Chapter E Unibus Pluram
television and U.S. fiction
Fiction writers as a species tend to be oglers. They tend to lurk and to stare. They are born watchers. They are viewers. They are the ones on the subway about whose nonchalant stare there is something creepy, somehow. Almost predatory. This is because human situations are writers' food. Fiction writers watch other humans sort of the way gapers slow down for car wrecks: they covet a vision of themselves as witnesses.
But fiction writers tend at the same time to be terribly self-conscious. Devoting lots of productive time to studying closely how people come across to them, fiction writers also spend lots of less productive time wondering nervously how they come across to other people. How they appear, how they seem, whether their shirttail might be hanging out of their fly, whether there's maybe lipstick on their teeth, whether the people they're ogling can maybe size them up as somehow creepy, as lurkers and starers.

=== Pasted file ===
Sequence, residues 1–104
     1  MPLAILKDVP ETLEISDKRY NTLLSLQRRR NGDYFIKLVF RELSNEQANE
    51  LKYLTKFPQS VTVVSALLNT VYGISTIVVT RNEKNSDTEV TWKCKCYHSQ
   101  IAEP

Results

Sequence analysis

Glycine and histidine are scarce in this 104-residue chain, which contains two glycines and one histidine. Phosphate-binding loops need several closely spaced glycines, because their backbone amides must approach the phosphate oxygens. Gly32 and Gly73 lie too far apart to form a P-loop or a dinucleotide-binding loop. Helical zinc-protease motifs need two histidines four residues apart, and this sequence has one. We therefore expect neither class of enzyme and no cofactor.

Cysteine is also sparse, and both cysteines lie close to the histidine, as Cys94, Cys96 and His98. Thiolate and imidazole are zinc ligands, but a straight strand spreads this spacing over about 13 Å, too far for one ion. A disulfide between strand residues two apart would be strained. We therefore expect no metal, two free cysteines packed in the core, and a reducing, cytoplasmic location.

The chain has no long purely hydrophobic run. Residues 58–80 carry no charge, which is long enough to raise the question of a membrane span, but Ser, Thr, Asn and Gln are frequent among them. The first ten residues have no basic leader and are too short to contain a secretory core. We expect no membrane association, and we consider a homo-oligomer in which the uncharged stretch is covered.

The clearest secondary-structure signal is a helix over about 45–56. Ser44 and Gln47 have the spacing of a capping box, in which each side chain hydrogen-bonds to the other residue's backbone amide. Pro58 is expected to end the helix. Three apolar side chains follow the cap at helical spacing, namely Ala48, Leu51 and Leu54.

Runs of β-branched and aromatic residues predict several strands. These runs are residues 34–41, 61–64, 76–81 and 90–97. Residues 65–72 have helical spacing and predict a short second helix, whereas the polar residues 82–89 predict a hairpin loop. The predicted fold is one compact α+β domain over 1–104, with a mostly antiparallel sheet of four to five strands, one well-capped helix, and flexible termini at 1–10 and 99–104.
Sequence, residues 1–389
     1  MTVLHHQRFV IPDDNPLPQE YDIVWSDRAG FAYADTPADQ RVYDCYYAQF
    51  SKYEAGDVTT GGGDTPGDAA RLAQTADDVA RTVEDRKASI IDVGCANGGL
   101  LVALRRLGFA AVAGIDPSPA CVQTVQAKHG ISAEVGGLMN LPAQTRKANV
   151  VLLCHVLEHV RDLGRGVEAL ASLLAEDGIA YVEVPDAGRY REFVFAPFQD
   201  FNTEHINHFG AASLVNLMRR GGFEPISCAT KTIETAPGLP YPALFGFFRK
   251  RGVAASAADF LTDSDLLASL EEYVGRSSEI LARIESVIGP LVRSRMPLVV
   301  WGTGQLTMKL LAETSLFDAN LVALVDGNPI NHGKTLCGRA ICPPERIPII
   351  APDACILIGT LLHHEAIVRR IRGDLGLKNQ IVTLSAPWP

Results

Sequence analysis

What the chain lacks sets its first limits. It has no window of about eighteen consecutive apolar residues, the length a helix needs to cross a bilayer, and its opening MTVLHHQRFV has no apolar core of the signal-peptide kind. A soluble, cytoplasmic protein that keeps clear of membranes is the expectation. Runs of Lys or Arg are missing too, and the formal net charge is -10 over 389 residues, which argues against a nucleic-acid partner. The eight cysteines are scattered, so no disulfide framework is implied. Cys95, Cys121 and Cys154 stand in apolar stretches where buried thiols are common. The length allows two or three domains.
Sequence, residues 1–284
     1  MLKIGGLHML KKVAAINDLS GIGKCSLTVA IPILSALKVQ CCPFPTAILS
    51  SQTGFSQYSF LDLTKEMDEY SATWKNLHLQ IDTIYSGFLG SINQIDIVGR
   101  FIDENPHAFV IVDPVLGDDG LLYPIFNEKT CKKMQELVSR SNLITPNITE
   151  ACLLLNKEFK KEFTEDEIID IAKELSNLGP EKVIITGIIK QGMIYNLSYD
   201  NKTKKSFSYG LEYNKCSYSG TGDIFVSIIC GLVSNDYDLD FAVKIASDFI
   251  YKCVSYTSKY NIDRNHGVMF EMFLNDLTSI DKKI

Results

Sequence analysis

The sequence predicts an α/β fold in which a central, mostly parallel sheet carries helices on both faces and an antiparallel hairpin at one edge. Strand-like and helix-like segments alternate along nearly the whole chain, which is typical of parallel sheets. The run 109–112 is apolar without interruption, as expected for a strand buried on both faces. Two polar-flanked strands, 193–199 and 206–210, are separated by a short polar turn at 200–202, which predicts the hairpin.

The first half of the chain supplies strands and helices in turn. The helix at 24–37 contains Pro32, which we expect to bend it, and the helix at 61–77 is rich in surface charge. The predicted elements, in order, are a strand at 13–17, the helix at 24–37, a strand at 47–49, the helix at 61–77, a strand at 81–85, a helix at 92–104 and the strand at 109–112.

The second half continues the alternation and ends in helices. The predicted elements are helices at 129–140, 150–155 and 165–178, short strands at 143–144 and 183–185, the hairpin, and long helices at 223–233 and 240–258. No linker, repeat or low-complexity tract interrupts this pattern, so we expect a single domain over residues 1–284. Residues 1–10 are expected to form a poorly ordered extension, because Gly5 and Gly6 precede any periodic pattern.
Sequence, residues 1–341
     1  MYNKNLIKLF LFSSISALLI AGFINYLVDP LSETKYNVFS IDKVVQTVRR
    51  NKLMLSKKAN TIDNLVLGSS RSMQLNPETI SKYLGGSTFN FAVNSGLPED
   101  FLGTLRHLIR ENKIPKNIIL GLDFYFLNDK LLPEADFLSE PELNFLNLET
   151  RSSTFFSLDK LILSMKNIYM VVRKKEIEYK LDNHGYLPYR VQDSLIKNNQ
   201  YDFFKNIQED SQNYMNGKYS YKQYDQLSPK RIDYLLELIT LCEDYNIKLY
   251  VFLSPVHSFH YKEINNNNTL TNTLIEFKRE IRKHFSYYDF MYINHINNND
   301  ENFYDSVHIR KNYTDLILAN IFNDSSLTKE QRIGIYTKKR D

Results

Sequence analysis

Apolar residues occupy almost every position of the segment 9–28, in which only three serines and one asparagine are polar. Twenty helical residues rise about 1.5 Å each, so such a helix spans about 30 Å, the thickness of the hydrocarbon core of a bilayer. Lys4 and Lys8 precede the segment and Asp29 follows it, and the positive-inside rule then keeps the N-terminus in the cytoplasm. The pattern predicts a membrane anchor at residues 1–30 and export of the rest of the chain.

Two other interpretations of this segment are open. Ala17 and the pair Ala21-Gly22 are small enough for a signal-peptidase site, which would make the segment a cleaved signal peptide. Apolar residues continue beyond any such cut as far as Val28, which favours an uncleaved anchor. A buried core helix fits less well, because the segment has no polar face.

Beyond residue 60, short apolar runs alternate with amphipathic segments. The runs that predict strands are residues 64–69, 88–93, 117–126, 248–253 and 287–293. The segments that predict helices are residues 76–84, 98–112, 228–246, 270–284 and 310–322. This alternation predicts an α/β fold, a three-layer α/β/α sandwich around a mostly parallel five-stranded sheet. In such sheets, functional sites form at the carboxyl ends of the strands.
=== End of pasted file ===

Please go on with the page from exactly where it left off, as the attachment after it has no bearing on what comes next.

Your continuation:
The result is that a majority of fiction writers, born watchers, tend to dislike being objects of people's attention. Dislike being watched. The exceptions to this rule -- Mailer, McInerney -- sometimes create the impression that most belletristic types covet people's attention. Most don't. The few who like attention just naturally get more attention. The rest of us watch.